Friday, April 13, 2007

Two Actors Pass On

It seems this April has not been a good month for celebrities, as it seems as if several have passed on. Recently two actors died. And while they may not be the most famous names, I think they are names readers might recognise.

The first actor to pass on was Barry Nelson, an MGM contract player in the Golden Age of Hollywood and the first man to play James Bond (albeit a very Americanised one). He died on April 7 at the age of 89.

Nelson was born Robert Haakon Nielsen April 16, 1920 in San Francisco. He participated in theatre at the University of California in Berkley and upon graduation was almost immediately signed to a contract at MGM. His first screen role was in Shadow of the Thin Man in 1941. He went on to star in A Yank on the Burma Road, Undercover Maisie, A Time to Kill, and Tenth Avenue Angel. Nelson served in the Army during World War II and appeared with other actors turned soldiers in the wartime play Winged Victory.

With the Fifties Nelson's career shifted towards television. His first appearance on the small screen was on The Chevrolet Tele-Theatre in 1948. He would appear on such series as Robert Montgomery Presents, Suspense, Alfred Hitchcock Presents, Ben Casey, The Twilight Zone, and Murder, She Wrote. He starred in the TV series The Hunter, My Favorite Husband, and Hudson's Bay. His most significant television appearance may well have been on the anthology series Climax in an adaptation of Casino Royale, in which he became the first actor to portray James Bond.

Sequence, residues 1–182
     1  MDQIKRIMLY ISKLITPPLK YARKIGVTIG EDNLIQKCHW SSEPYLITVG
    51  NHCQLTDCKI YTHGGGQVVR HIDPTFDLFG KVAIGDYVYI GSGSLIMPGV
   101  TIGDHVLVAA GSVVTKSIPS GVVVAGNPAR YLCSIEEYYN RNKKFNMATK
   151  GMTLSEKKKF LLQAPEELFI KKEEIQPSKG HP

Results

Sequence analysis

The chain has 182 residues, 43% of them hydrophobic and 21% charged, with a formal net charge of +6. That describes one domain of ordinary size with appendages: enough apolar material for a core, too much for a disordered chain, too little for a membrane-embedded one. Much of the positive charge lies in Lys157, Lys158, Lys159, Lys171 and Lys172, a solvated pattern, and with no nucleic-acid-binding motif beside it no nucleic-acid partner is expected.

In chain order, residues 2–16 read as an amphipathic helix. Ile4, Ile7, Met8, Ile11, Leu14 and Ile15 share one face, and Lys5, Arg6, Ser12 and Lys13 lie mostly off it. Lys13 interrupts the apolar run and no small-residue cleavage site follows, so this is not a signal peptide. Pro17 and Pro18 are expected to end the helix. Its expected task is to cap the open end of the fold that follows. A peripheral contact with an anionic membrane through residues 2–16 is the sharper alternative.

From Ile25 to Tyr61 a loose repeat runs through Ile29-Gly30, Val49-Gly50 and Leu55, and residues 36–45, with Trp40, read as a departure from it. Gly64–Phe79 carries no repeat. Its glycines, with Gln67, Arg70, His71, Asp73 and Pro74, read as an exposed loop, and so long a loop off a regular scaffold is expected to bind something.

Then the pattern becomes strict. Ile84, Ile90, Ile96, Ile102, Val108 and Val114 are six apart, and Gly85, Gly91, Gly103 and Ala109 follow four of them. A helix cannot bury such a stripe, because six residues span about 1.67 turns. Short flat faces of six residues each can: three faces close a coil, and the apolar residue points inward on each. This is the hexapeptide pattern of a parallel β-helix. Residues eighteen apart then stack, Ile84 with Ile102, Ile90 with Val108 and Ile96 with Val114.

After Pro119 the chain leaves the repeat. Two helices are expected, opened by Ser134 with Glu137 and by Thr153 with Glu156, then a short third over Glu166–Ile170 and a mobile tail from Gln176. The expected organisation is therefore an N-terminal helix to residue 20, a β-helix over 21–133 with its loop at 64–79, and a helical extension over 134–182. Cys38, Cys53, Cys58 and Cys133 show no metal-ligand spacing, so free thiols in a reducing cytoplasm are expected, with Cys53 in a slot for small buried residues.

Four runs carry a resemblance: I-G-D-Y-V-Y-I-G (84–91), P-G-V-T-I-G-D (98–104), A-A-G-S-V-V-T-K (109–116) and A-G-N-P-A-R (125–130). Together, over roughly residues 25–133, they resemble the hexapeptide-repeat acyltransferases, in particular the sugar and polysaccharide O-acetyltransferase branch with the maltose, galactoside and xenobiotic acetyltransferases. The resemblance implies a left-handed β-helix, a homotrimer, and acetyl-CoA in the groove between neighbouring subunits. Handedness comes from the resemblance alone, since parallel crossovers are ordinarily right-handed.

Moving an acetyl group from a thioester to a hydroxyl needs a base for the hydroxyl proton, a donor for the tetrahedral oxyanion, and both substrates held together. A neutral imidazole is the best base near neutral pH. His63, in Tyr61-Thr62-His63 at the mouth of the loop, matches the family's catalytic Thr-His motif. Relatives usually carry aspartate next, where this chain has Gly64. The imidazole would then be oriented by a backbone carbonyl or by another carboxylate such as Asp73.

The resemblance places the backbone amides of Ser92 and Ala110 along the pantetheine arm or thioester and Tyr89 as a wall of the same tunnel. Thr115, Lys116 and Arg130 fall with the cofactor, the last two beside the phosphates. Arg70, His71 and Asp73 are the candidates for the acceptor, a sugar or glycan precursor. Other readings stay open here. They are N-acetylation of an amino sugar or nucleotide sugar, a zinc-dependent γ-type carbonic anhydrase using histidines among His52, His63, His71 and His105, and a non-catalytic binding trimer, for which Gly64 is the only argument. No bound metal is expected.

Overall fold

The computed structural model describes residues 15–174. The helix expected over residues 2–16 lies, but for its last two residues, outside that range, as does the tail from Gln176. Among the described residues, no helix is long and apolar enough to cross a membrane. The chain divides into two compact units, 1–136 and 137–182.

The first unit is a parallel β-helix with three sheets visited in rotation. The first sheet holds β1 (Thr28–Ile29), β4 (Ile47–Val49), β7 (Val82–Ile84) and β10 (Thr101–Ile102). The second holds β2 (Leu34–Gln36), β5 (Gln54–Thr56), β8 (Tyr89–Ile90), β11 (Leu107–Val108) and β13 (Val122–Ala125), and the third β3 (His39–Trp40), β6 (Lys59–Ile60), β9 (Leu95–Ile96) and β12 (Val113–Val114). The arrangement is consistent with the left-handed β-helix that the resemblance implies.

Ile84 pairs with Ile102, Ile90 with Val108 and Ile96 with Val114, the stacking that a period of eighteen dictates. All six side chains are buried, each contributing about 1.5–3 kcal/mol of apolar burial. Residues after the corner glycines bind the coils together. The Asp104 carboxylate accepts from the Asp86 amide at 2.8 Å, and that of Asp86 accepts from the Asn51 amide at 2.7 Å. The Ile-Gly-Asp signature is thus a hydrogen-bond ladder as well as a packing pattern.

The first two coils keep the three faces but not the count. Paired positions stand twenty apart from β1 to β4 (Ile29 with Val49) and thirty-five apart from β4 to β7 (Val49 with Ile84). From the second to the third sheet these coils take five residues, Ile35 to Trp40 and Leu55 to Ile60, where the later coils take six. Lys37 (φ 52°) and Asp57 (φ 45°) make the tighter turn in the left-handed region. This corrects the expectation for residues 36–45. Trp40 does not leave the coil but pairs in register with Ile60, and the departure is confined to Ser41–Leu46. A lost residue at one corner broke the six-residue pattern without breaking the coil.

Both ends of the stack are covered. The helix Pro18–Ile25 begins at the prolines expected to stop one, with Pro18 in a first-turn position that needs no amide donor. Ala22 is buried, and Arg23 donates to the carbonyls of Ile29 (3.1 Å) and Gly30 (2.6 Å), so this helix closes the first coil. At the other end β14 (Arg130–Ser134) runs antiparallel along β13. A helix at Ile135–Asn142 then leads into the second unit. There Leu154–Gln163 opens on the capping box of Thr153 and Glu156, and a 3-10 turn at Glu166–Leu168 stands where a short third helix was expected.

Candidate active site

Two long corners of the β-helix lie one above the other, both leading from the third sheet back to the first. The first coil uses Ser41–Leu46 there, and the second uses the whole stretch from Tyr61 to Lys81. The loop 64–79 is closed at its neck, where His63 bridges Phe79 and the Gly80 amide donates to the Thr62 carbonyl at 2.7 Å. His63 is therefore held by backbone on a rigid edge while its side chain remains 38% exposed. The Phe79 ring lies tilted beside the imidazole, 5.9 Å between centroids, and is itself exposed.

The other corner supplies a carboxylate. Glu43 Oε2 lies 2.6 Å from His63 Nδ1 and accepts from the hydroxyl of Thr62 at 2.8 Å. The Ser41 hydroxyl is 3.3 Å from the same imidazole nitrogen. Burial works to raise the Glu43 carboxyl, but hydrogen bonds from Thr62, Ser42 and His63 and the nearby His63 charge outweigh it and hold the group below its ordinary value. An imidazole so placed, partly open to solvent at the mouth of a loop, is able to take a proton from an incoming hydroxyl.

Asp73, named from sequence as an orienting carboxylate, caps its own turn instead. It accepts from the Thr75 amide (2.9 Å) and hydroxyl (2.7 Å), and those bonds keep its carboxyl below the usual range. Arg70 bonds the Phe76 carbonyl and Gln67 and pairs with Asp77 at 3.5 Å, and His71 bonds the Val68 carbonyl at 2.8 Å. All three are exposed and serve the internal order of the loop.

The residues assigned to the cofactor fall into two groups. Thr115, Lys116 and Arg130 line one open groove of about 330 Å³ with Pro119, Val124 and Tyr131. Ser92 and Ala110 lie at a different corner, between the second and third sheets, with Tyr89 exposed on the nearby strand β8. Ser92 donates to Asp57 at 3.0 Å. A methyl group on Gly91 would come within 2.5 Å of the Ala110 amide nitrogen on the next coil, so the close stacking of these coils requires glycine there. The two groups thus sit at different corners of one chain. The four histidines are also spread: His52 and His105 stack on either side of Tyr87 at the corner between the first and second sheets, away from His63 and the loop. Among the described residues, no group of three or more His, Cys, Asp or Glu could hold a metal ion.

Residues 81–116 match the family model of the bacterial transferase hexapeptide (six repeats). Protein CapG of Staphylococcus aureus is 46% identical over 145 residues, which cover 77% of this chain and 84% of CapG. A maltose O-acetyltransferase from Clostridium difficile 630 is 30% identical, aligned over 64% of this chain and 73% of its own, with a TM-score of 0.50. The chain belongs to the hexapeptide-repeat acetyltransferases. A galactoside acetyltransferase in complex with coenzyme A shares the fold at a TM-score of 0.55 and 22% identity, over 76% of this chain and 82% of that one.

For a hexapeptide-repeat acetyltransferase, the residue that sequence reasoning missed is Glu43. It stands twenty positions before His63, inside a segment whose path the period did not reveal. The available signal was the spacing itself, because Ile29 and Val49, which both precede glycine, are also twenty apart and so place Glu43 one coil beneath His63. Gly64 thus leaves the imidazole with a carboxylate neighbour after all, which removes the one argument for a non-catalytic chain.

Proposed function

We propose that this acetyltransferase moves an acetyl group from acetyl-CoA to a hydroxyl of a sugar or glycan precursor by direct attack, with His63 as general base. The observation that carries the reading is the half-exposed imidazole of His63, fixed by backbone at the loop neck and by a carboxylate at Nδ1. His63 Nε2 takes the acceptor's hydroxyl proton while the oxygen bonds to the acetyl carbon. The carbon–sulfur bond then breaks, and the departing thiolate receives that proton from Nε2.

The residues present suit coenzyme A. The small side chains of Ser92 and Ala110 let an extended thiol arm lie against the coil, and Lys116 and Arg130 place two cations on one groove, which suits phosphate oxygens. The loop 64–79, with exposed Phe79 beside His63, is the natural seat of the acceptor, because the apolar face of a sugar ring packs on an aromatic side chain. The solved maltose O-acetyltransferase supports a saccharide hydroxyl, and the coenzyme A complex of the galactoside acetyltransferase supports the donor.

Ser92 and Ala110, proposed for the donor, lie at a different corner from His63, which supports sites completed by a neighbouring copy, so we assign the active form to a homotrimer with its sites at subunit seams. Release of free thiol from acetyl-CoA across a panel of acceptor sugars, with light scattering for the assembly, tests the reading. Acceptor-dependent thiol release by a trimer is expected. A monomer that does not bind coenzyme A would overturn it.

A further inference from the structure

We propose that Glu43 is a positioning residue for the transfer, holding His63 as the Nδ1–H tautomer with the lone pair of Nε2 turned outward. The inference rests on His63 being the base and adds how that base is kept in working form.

Nelson also had a significant career on stage. He made his Broadway debut in Winged Victory in 1943. He went onto to appear in such plays as The Moon is Blue, Cactus Flower, The Only Game in Town, and The Act. He was nominated for a Tony Award for his role in The Act in 1978.

In Nelson's later years he would appear in such films as Pete 'n' Tillie and The Shining.

The second actor to die recently was Roscoe Lee Browne. He died at he age of 81 after about with cancer.

Browne was born May 2, 1925 in Woodbury, New Jersey. He attended Lincoln University in Pennsylvania and took post-graduate courses at Middlebury College in Vermont, Columbia University in New York, and the University of Florence in Italy.

Browne's first experiences as a professional actor were with New York City's Shakespeare Festival Theatre. He made his screen debut in 1961 in The Connection. He would go onto appear in the films Black Like Me, The Comedians, Topaz, and The Cowboys. Gifted with a rich baritone, he narrated the movie Babe.

Browne did considerable work on the stage. He appeared on Broadway in the plays The Cool World, Tiger, Tiger, Burning Bright, The Ballad of the the Sad Cafe, and Two Trains Running. He nominated for a Tony Award for his role in Two Trains Running, and won an Obie in 1965 for the off Broadway play Benito Cereno. He wrote and directed A Hand is On the Gate: An Evening of Negro Poetry and Folk Music in 1966.

Browne appeared extensively on television, making his debut in an episode of East Side/West Side in 1963. He also appeared in the series The Invaders, The Name of the Game, Bonanza, Sanford and Son, Barney Miller, and Law and Order. He was a regular on the American version of That Was the Week That Was, Soap, and Miss Winslow and Son.

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